• Care Home
  • Care home

Kingswood House

Overall: Good read more about inspection ratings

Hollington Road, Raunds, Wellingborough, Northamptonshire, NN9 6NH (01933) 624298

Provided and run by:
Sienna Care Limited

Important: The provider of this service changed. See old profile

All Inspections

9 June 2022

During a monthly review of our data

We carried out a review of the data available to us about Kingswood House on 9 June 2022. We have not found evidence that we need to carry out an inspection or reassess our rating at this stage.

This could change at any time if we receive new information. We will continue to monitor data about this service.

If you have concerns about Kingswood House, you can give feedback on this service.

22 October 2020

During an inspection looking at part of the service

Kingswood House is a residential care home registered to provide personal and nursing care for up to 26

older people, including people living with dementia. At the time of the inspection 18 people were using the service.

We found the following examples of good practice.

¿ Clear processes were in place for facilitating family and professional visits safely. Window visits could take place throughout the pandemic period as all bedrooms were on the ground floor. Consideration was given to the shortest routes to a person’s bedroom if they received a professional heath visitor such as a district nurse.

¿ The service participated in regular Covid-19 testing of staff and people living in the service. This meant swift action could be taken to prevent the spread of infection in the event any test results were positive.

¿ Staff had access to sufficient supplies of personal protective equipment (PPE) including hand sanitiser, masks, gloves and aprons. Staff were seen to be wearing masks during the inspection visit. Staff had received additional training in infection prevention and control, and how to put on and take off PPE safely.

¿ Cleaning of all areas of the service took place regularly and domestic staff were on shift seven days per week to support this. Disinfection of communal areas, high touch areas such as handrails and door handles, and equipment such as walking frames occurred throughout the day and night.

¿ The staff team took on extra shifts to cover gaps in the rota as far as possible. This meant the service had minimal use of agency staff. If agency staff were used, the same worker attended and they undertook Covid-19 testing. None of the permanent staff team worked in any other care service. These staff practices reduced the risk of cross infection.

¿ Furniture had been moved around in the lounge and dining areas to support social distancing. This meant people could still spend time in communal areas which supported their wellbeing and reduced the risk of isolation.

Further information is in the detailed findings below.

16 December 2019

During a routine inspection

About the service

Kingswood House is a residential care home registered to provide personal and nursing care for up to 26 older people, including people living with dementia. At the time of the inspection 18 people were using the service.

People’s experience of using this service and what we found

Since the last inspection changes in management had caused some disruption in the systems to manage oversight on quality at the service. At the time of this inspection a new manager had taken up post and an application to register with the Care Quality Commission (CQC) was in progress. The manager had previously worked at a senior level at the service and understood the needs of the service. The provider visited the service on a regular basis, they were very receptive and pro-active in response to the findings of this inspection.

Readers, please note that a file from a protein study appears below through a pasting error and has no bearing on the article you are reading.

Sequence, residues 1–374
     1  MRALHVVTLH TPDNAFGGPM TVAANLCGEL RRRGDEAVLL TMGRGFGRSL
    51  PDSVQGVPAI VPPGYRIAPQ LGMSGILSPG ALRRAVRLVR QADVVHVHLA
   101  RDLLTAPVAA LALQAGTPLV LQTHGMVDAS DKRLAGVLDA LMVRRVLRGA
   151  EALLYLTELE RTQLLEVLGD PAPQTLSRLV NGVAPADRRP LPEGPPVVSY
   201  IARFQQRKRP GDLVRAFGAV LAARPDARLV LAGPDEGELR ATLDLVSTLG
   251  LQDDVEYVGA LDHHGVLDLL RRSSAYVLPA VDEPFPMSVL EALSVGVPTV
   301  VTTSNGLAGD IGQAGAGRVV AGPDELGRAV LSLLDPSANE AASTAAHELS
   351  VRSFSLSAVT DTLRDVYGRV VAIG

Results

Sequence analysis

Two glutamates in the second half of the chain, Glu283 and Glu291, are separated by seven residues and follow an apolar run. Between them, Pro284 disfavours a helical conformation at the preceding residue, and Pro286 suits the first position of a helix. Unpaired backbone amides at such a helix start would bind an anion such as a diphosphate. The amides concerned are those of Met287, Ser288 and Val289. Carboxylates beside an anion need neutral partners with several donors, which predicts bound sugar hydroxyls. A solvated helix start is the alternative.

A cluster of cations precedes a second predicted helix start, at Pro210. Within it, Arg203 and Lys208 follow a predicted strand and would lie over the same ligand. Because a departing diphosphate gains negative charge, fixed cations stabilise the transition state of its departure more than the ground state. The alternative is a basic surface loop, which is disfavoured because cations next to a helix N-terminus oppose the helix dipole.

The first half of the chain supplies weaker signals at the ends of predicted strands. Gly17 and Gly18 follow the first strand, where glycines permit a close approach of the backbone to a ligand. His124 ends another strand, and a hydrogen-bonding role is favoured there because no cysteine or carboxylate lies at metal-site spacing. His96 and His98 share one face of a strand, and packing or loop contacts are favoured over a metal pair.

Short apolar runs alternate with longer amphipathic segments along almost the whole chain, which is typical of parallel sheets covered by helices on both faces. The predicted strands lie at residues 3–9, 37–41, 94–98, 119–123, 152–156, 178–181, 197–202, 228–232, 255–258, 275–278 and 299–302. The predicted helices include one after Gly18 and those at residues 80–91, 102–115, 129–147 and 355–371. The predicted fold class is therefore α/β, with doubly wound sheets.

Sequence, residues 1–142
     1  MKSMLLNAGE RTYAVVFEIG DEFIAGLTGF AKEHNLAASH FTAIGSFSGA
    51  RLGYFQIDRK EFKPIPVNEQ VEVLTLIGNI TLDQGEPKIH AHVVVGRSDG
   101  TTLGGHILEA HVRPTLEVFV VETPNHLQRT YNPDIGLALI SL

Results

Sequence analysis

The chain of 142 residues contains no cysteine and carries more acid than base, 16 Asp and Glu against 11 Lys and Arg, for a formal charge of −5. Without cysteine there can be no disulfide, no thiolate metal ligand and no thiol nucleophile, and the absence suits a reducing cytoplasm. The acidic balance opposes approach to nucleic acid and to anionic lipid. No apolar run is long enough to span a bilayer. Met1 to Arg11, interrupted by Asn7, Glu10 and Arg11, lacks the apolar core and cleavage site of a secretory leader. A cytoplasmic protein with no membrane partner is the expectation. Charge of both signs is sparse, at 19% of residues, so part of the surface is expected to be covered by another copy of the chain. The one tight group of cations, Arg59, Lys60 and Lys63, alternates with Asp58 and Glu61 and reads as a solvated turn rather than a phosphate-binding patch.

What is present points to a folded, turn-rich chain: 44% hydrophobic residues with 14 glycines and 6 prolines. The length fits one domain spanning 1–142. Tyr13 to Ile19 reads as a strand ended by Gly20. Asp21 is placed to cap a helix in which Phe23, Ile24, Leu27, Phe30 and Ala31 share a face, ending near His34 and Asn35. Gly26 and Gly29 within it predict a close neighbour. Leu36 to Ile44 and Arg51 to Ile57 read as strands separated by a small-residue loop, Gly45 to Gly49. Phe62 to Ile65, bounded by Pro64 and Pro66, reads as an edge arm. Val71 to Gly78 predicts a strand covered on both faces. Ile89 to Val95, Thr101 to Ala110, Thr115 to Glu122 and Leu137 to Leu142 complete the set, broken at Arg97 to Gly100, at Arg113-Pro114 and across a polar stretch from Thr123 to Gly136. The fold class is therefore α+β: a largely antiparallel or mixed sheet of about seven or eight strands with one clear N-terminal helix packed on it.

Staff recorded accidents and incidents, but a system to reflect and analyse the reports for any trends or themes was not in place. Following the inspection, the provider implemented a monthly accident and incident audit system.

Information was contained in people’s care plans about meeting their oral care needs. But further work was needed to increase staff knowledge in this area. Following the inspection, the provider arranged for specific oral care training, and put in place oral care assessments and monthly audits. They had also met with a dentist to arrange for domiciliary dental visits to take place at the service.

The provider had an open-door policy, they said family members and people who use the service chose not to go through the formal complaint channels. However, they did not have an effective system in place to demonstrate the actions they had taken to address any concerns or complaints. Following the inspection, the provider placed literature on the complaints policy on display and implemented systems to record all concerns and complaints brought to their attention and their actions taken in response.

Having the above systems embedded into practice will enable the provider to identify where quality and/or safety may be compromised; to respond appropriately and without delay.

A range of individual risk assessments were in place that identified areas where people needed support to manage their safety. For example, risks of falls or skin tissue damage due to poor mobility and frailty. The assessments detailed the controls and equipment in place to reduce and manage the risks to an acceptable level.

Staff knew their roles and responsibilities in relation to keeping people safe. The provider co-operated with the local safeguarding authority in response to safeguarding concerns and investigations had taken place.

The staffing numbers were appropriate to meet the needs of people using the service. The provider closely monitored staffing levels to ensure they were suitable to meet people’s needs. Appropriate recruitment checks were completed, which included checks for any criminal convictions, and satisfactory employment references were obtained before staff started working at the service.